She was crushed – a familiar place for her. The sibling rivalry went to a whole new level as the sister sought and fought for the affection of the same man. Th sister did all she could to win her husband’s love, to prove that she was worthy of love. She gave birth to a son and she called him Reuben – which means “to see.” She wanted to be seen by her husband as someone beautiful, someone to be loved. She had a second son and named him Simeon which means “to hear.” She thought to herself now my husband will listen to me instead of saying, yeah whatever to me. She gave birth to a third son which she named Levi which means “Attached.” Thinking surely now after three sons, my husband will be attached to me. But no dice. She would give birth to another son. She named him Judah which means “praise.” I will praise God from whom all blessings flow. I will praise God who accepts me and blesses me.

It was a different time and a different place, but the feelings were just as real and raw as they are today in the hearts and lives of people like you and me.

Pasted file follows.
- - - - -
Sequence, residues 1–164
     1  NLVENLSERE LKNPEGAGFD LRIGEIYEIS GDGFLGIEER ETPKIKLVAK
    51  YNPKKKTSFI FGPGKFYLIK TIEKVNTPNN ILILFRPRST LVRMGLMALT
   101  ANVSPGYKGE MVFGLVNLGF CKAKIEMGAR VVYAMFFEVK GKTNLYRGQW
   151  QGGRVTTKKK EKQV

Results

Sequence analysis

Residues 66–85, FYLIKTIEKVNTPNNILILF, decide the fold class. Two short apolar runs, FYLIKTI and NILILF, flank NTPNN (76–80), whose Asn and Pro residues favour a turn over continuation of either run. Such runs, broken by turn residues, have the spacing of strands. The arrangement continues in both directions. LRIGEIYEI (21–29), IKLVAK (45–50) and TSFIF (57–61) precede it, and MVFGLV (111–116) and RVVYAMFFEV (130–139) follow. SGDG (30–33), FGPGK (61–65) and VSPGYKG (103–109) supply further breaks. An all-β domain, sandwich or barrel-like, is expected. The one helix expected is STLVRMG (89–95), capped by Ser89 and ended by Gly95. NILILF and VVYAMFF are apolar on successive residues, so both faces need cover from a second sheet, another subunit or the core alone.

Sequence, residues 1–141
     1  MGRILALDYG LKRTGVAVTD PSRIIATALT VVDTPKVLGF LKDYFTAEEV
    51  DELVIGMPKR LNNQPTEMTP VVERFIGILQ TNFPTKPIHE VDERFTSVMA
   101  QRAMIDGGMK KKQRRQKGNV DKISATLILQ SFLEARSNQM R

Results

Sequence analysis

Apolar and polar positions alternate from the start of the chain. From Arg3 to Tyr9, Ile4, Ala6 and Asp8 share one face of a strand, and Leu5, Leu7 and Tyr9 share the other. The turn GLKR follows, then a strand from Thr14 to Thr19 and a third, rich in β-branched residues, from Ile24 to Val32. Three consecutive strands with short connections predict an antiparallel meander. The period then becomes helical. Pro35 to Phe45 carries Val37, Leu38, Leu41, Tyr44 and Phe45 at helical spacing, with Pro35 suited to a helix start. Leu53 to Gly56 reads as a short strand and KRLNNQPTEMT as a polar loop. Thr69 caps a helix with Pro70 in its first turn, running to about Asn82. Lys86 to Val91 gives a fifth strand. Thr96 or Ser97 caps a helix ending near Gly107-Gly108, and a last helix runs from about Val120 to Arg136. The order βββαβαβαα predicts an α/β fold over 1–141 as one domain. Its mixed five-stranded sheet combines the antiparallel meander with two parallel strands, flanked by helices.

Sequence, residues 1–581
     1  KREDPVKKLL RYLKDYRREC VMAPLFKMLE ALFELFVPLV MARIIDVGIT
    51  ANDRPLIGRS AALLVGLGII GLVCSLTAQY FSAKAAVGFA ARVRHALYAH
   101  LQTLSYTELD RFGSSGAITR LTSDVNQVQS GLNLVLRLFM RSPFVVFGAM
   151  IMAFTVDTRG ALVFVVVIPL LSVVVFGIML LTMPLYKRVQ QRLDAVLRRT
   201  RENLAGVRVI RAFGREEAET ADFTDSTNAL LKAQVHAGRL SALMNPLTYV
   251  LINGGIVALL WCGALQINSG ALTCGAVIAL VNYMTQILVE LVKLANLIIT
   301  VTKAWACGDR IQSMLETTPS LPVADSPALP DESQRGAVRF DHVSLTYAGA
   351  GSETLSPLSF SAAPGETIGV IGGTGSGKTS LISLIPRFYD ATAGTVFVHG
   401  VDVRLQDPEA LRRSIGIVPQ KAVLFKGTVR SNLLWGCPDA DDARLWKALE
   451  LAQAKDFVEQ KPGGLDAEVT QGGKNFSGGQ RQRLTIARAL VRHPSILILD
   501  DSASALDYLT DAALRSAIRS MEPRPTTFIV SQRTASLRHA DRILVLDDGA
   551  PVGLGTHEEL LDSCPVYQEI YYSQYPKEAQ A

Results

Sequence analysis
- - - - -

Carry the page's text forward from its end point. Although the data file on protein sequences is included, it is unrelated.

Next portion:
Here is how this true story of a messy family is recorded in Scripture.

Genesis 29:14-35 After Jacob had stayed with him for a whole month, 15 Laban said to him, “Just because you are a relative of mine, should you work for me for nothing? Tell me what your wages should be.”

16 Now Laban had two daughters; the name of the older was Leah, and the name of the younger was Rachel. 17 Leah had weak eyes, but Rachel had a lovely figure and was beautiful. 18 Jacob was in love with Rachel and said, “I’ll work for you seven years in return for your younger daughter Rachel.”

19 Laban said, “It’s better that I give her to you than to some other man. Stay here with me.” 20 So Jacob served seven years to get Rachel, but they seemed like only a few days to him because of his love for her.

21 Then Jacob said to Laban, “Give me my wife. My time is completed, and I want to make love to her.”

22 So Laban brought together all the people of the place and gave a feast. 23 But when evening came, he took his daughter Leah and brought her to Jacob, and Jacob made love to her. 24 And Laban gave his servant Zilpah to his daughter as her attendant.